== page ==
Total War: Rome 2 Free Day One DLC Revealed
May 1, 2013

Total War: Rome 2 Free Day One DLC Revealed

Creative Assembly has announced that, unlike EA or Microsoft, they have in fact been developing a day one DLC for their release of the upcoming strategy game Total War: Rome 2. But you’re encouraged to take a hiatus on your calendar to plan for the DLC’s price point because Creative Assembly is releasing it to fans for free. I’ll allow you to let this one sink it before we continue.

The DLC adds an additional faction, making it the 9th playable army to play in the game’s campaign. The faction goes by the name of the Pontus, named after a mountainous region that borders the Black Sea. The region is home to a population of very reliable and agile chariot riders that remain aggressive and swift against cavalry and foot soldiers. The Pontus are essentially a group of Greek colonies ruled by a Persian dynasty. Fans who’ve been paying close attention to the factions of Rome 2 will note that the Pontus’s addition will bring a bit of balance and variety to the already vast selection of unit types, particularly for fast moving chariots.

I’ve reviewed a number of the factions for my own personal purposes and have concluded that the addition of this faction isn’t simply a tiny chunk of content for players to immerse themselves in. Instead, it’s much more accurate to regard the Pontus as an entirely different way to play the game on a battlefield.

Creative Assembly has assured us many times before that they only have intentions to create games for fans and provide profit for their company. Sometimes that goal seems cross to gamers who choose to be more, shall we say, ‘radical’ in the face of possibly shady business practices.

The truth is that we really have no idea how to develop games, and hence must go off of our own assumptions as to how trustworthy a company is. For example, fans of Mass Effect lost their trust in EA after the complete trumping of the third installation’s butchery of its story narrative. This, and the casual transformation that the series made to be a simpler experience for first time players, has consequently made it less in-depth for veterans. The motive is always clear as to the purpose behind moves like this. EA is a company after all.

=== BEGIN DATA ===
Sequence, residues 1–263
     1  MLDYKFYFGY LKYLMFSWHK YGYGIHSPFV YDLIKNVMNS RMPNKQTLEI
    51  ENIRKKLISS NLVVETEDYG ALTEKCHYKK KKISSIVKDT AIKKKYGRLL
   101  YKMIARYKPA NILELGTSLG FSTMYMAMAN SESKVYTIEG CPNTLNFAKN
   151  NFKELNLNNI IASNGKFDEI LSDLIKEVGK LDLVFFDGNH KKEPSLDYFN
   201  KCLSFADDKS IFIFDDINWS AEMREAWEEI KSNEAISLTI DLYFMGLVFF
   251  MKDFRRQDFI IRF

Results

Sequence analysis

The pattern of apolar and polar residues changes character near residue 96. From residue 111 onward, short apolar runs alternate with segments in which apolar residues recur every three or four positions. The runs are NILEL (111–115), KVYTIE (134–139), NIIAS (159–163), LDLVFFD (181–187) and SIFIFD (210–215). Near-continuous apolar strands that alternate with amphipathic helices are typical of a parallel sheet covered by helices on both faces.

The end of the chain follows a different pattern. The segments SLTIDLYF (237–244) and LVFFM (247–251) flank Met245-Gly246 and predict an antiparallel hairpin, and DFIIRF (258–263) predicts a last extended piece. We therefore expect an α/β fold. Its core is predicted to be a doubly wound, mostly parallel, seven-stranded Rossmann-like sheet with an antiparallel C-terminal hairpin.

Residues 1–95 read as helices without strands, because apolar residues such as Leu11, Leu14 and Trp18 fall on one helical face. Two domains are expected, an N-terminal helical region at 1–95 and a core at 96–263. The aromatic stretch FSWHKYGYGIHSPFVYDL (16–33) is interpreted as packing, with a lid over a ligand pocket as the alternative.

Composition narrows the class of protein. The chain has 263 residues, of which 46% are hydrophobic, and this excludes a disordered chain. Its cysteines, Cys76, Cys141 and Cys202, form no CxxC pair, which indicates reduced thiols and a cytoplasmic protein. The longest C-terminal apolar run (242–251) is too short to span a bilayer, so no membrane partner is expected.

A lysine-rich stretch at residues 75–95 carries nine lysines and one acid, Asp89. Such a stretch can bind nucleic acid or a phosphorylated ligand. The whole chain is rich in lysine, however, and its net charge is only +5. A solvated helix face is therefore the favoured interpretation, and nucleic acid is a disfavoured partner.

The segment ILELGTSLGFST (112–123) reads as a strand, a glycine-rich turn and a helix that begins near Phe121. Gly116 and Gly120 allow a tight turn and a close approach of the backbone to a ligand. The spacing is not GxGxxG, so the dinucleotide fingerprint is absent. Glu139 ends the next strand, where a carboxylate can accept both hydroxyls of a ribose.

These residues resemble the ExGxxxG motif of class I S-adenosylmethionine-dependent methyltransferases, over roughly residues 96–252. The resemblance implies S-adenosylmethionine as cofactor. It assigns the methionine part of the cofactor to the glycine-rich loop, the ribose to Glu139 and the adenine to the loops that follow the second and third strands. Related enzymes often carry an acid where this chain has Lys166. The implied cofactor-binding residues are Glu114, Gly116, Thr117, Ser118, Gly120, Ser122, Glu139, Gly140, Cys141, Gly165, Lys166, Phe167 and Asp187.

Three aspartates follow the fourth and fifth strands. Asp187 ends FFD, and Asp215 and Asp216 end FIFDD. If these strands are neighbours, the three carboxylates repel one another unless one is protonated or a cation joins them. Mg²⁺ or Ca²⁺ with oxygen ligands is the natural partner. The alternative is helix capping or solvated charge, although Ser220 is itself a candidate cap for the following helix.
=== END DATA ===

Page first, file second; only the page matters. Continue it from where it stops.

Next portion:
The point of a video game publishing company is to make a solid product while simultaneously returning profit from said product. However, sometimes the strategy can lose you some fans.

From day one, DLC has been a hot topic amongst more political gamers that like to pick a fight with developers over getting nicked for more money on content that should already be on the disc. If you’re naïve, then you believe that adding additional content is as simple as copying and pasting the content onto the certified disc. However, if you’re willing to listen to a developer’s plea, then you know that this process gets complicated less than a year before a game’s release.

Epic Games struggled for the first few months after the release of Gears of War 3 over content that was restricted from gamers and later charged them extra money. Fans took to the forums and gaming news sites with anger and resentment as Epic tried to piece the situation back together. According to them, the game did have DLC that was already on disc, while the download was a mere 1.42 Mb worth of space. This meant that the purchase was essentially a download key.

Epic’s then creative director Rod Ferguson justified the transaction by saying that the game was originally planned to release in the spring of 2011. Instead, the game was pushed back much later to the winter of that same year. In his eyes, the DLC was already planned for release sometime in the summer if the game had continued with its original plan, but its delay meant that the DLC needed to be placed on the disc as a means of effectively quick transfer and downloads.

In other words, they flipped the script to say that they were offering a faster accessibility of the content to players who were willing to shell out some extra money. I never truly bought into the idea of that, though.

Unlike Epic Games, Creative Assembly has provided an assurance to PC gamers that their content will not only be day one, but it will also be free. This move is controversial in light of companies like EA and Activision making plans for day one DLC at a set price for some extra money to fans.

In my eyes, the practice is complete nonsense. I’d like to believe that the content released for a game between its release on up until about three months after is a reasonable amount of wait time before releasing any content for extra money. I believe that gamers who have already dished out over $60 for game purchases that for games that rarely clock over 15 to 20 hours of game-play. To call it a nickel and diming scenario just doesn’t do the term justice.

Community Manager Craig Laylock followed up by adding, “We just thought, ‘Hey, we’ve got the time to do it. Let’s chuck it in there, and let’s give it free for everyone.”

Well said, Craig. Thousands of fans (myself included) will definitely purchase Total War: Rome 2 on day one, and thank you for your team’s generous contributions to loyal fans.

Image Credit: Creative Assembly

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